Coppicing is an ancient form of forestry practiced in England. Trees are cut to the ground, with the intent of harvesting stems that emerge from the stump every seven to eight years. The stems grow up to three feet per year and are harvested at about six inches in diameter for firewood, furniture, planking, masts, fencing, and baskets, among other. The stump keeps growing because live shoots keep feeding it. The result is some stumps of coppiced trees are known to be 15 feet in diameter and centuries old.


The last of green and the advent of brown remind us how fleeting each moment is. Bo and I sojourned to our wetlands last week and came upon this scene of rich colors, which by the end of the week was covered in white. We know the only constant is change, but late fall is particularly full of transitions.

Shipping News

We are ready to ship product to you, out the drive and onto highways and byways. We have resisted this effort, but finally realized we were resisting the inevitable. So, instead of choosing obsolence, we choose enhanced service, which we are very pleased, finally, to provide to you. You can now order most of our products on-line and we can ship them anywhere east of the Mississippi! It has taken time to find the right software with which to do so, but we believe we are in good hands for this effort. That being said, we are new to the endeavor, and there will be a few wrinkles to iron out. With supportive customers providing feedback, we will climb this learning curve quickly. We are very fortunate to have Paula Harshbarger offering both the leadership and back-up for this service. She keeps the devil out of the details, and we are most grateful for her skillfulness.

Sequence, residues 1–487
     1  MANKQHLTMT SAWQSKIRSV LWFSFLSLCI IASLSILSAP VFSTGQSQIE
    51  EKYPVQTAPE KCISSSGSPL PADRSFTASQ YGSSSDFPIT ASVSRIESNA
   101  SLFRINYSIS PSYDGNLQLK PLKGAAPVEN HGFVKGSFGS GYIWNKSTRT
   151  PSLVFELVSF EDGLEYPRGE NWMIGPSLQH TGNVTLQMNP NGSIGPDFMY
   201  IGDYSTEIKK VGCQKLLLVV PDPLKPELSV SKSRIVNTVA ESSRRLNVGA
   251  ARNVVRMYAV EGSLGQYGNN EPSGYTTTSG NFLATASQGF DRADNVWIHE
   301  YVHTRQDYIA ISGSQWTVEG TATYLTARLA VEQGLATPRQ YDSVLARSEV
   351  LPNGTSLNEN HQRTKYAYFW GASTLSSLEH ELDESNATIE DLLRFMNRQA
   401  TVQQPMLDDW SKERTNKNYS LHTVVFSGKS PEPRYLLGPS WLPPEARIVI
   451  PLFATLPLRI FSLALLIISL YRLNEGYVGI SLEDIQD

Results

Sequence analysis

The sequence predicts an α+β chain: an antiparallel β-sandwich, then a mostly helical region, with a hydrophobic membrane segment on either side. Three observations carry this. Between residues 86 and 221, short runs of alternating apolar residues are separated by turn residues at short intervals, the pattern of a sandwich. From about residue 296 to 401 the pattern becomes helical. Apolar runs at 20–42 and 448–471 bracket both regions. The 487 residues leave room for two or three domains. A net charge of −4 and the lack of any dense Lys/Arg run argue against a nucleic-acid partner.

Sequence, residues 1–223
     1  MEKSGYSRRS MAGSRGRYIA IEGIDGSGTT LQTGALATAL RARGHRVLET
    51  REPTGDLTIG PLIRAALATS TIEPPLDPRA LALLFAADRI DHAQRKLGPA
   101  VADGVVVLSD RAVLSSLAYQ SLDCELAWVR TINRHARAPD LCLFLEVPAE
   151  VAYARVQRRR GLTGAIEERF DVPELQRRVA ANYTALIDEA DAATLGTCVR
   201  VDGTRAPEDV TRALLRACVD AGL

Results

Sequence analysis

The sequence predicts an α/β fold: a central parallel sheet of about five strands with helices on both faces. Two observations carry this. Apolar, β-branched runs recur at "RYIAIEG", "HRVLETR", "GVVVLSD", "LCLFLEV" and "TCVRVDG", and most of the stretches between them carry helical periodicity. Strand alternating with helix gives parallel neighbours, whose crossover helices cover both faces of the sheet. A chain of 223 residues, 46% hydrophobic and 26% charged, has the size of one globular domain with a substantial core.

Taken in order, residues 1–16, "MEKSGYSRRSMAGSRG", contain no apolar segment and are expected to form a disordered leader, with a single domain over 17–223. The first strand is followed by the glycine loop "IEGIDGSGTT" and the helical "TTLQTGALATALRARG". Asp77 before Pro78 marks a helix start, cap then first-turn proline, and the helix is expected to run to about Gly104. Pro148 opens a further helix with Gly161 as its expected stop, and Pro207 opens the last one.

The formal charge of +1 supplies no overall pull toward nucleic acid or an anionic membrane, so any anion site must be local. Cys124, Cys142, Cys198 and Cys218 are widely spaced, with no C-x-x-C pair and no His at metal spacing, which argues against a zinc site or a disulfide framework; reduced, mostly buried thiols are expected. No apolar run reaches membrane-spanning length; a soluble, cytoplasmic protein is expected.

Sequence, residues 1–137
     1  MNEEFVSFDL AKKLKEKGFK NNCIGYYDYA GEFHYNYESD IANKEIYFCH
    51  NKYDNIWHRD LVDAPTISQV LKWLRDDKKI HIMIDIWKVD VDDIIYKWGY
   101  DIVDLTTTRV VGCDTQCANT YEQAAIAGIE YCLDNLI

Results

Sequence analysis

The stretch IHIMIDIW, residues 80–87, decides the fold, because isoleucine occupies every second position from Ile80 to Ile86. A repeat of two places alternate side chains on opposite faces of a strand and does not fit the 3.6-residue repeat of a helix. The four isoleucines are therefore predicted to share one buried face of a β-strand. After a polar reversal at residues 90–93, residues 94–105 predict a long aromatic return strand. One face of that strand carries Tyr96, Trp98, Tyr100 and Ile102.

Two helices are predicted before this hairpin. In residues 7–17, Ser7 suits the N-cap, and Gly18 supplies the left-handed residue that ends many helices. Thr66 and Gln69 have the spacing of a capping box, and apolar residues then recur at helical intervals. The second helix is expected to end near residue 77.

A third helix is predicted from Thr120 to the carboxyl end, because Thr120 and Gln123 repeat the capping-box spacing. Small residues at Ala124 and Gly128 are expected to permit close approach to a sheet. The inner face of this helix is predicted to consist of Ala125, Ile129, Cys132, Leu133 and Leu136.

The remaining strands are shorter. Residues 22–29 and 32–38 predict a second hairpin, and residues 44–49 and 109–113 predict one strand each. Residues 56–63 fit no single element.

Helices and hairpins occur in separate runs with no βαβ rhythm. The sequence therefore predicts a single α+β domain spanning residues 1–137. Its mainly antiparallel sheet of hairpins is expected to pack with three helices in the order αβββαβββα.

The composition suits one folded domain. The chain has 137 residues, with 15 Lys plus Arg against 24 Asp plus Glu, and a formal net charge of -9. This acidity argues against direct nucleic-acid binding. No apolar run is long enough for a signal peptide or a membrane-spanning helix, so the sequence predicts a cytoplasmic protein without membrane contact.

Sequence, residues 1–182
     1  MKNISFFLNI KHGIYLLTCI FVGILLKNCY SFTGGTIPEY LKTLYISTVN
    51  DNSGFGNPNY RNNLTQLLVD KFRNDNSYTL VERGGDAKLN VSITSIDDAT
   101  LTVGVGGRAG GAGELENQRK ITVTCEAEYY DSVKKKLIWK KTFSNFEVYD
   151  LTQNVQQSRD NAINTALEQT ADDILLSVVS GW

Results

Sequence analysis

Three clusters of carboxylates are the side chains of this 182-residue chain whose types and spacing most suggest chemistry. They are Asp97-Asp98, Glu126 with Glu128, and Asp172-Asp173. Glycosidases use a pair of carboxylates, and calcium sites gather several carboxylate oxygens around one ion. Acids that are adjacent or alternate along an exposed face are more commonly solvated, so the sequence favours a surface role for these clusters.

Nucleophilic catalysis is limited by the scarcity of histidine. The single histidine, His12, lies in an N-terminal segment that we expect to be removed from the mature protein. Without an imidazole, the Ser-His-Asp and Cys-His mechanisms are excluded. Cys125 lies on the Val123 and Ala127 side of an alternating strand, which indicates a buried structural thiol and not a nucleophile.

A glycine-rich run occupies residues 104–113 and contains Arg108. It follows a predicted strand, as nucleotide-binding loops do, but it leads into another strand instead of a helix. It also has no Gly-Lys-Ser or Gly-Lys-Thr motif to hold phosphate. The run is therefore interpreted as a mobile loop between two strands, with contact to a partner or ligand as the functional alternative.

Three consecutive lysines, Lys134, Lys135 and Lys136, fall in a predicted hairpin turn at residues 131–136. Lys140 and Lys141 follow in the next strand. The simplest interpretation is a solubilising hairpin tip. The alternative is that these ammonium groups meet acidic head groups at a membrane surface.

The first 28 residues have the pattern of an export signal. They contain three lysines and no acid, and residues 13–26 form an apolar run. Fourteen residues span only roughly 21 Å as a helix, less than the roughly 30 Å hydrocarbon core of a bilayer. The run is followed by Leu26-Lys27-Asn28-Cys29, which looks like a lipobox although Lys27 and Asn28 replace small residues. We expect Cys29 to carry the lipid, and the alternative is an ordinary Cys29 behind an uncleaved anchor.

Our Almanac

You and we have written a book! A Farmer's Almanac is finally ready to go, a year later than envisioned, but slow publishing seems to come with slow food. This book offers a nearly random assortment of our newsletters -- 71 of the 300 or so that have been written. You, our customers, are the protagonists, for without you these would not have been penned. Without you, none of the considerable effort undertaken on our land would be underway -- we would be lost in a sea of commodities. But you are blessedly present, supporting and encouraging us. This book represents some of the tale of the journey you and we have been on together.

Turkey Talk

Turkeys are readying themselves for you! We are peased to be raising two different breeds of turkeys for you this year - Broad Breasted, as featured above, and Bourbon Red, as below. The Broad Breasted is what most of us are familiar with, except these are raised on grass, rather than in a feedlot, which adds both flavor and nutrition. They love clover, so Mike moves them daily to new grass. They take 4 - 5 months to mature, and will typically range in size from 15 - 25 lbs. Ours will be at the low end of that range.

Hog Heaven

These woodlot hogs enjoy their environment. We strive to provide the best environment possible for our livestock. These hogs love the shade and nuts provided by walnuts, hickories, and oaks in this wooded glen. We keep the hogs moving so they don't do undue damage to soil and plants, generally giving a group of 15 about two weeks in two acres.